Writing an essay, paper, report, or even a blog post can be daunting, unless you have a plan in place for organizing your work. A good plan can act like a map that guides you along each step of the way. Daily Writing Tips shares 5 valuable guidelines, beginning with . . .
Have you ever sat staring at a blank piece of paper or a blank document on your computer screen? You might have skipped the vital first stage of the writing process: prewriting. This covers everything you do before starting your rough draft. As a minimum, prewriting means coming up with an idea!
Ideas and Inspiration
Ideas are all around you. If you want to write but you don’t have any ideas, try:
- Using a writing prompt to get you started.
- Writing about incidents from your daily life, or childhood.
- Keeping a notebook of ideas – jotting down those thoughts that occur throughout the day.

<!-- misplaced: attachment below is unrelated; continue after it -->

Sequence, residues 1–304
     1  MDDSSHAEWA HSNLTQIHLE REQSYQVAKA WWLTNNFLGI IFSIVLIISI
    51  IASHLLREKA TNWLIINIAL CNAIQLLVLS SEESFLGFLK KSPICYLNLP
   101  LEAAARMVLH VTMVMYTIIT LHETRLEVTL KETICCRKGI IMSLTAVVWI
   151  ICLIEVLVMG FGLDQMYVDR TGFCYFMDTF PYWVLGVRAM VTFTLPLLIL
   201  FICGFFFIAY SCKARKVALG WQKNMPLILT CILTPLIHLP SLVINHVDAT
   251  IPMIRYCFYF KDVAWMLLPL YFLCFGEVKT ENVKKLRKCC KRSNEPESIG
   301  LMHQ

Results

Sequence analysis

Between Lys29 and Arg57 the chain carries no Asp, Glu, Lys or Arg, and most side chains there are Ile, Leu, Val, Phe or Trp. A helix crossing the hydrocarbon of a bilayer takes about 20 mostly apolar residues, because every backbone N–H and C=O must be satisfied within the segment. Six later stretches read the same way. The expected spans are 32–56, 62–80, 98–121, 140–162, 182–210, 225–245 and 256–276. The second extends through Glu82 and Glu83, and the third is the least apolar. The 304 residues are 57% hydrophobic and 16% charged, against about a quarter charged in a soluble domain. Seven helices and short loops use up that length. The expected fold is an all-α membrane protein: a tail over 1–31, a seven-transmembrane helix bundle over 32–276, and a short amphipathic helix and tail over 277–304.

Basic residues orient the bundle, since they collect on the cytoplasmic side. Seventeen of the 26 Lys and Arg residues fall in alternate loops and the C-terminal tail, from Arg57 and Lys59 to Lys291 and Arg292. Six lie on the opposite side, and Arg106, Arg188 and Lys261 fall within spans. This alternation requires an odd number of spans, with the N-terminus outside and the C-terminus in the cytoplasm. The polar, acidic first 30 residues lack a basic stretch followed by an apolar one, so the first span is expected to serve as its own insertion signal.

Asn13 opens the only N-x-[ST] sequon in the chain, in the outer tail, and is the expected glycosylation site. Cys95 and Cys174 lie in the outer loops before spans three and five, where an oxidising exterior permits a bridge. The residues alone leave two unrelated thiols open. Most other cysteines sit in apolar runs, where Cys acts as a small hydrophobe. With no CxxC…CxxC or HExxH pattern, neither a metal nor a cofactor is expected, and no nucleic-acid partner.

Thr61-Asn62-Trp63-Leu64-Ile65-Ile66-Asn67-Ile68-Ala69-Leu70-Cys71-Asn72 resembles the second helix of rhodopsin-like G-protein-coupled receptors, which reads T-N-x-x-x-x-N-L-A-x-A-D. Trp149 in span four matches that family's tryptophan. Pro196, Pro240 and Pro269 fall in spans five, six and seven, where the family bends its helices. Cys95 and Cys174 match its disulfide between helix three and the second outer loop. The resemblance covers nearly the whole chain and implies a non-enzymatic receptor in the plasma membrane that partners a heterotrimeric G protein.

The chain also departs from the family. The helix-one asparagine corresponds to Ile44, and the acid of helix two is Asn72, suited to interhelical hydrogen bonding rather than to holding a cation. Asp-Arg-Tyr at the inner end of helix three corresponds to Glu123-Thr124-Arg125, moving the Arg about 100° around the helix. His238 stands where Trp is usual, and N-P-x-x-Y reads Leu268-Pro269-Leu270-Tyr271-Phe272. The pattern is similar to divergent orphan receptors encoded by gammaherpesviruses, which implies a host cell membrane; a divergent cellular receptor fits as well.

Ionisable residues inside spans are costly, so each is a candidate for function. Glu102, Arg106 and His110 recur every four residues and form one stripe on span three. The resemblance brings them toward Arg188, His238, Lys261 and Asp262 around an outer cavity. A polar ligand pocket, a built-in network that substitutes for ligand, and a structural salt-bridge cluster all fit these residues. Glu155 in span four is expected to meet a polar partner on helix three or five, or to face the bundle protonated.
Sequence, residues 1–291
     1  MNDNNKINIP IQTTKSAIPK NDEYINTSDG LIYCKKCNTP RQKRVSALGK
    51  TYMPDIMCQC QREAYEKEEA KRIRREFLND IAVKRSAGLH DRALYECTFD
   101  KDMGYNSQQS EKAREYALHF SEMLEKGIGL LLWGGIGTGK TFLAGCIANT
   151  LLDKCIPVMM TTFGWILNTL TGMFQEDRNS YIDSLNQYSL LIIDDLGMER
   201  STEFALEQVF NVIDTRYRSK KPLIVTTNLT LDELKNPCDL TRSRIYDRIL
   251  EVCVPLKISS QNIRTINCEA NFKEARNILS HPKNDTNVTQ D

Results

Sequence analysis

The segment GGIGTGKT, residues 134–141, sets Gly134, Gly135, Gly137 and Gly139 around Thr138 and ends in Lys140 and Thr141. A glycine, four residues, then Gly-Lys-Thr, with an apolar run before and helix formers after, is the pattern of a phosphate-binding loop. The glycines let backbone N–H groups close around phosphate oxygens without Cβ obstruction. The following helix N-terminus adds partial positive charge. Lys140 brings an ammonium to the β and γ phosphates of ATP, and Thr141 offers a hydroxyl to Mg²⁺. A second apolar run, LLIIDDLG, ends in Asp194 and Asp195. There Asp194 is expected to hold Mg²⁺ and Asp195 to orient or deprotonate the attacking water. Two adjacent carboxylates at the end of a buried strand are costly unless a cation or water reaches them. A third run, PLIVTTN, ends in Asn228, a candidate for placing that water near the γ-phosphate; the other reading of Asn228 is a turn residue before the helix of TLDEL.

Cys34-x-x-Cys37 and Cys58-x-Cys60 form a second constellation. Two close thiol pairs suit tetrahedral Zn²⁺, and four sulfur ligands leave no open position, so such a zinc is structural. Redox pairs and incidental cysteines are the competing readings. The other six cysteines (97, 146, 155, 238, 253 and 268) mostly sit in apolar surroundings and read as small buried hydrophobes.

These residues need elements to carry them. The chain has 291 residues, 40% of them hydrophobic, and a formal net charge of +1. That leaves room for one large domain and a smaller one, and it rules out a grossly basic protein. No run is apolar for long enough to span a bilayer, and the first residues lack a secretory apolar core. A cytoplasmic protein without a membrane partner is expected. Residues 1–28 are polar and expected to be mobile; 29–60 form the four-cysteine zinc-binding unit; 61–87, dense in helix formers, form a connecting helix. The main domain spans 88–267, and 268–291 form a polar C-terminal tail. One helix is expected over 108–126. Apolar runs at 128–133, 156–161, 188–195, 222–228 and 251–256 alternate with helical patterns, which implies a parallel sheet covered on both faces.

- Creating a vivid character, and then writing about him/her.
Tip: Once you have an idea, you need to expand on it. Don’t make the mistake of jumping straight into your writing – you’ll end up with a badly structured piece.
Building on Your Idea
These are a couple of popular methods you can use to add flesh to the bones of your idea:
- Free writing: Open a new document or start a new page, and write everything that comes into your head about your chosen topic. Don’t stop to edit, even if you make mistakes.
- Brainstorming: Write the idea or topic in the center of your page. Jot down ideas that arise from it – sub-topics or directions you could take with the article.
Once you’ve done one or both of these, you need to select what’s going into your first draft.
Planning and Structure
Some pieces of writing will require more planning than others. Typically, longer pieces and academic papers need a lot of thought at this stage.
First, decide which ideas you’ll use. During your free writing and brainstorming, you’ll have come up with lots of thoughts. Some belong in this piece of writing: others can be kept for another time.
Then, decide how to order those ideas. Try to have a logical progression. Sometimes, your topic will make this easy: in this article, for instance, it made sense to take each step of the writing process in order. For a short story, try the eight-point story arc.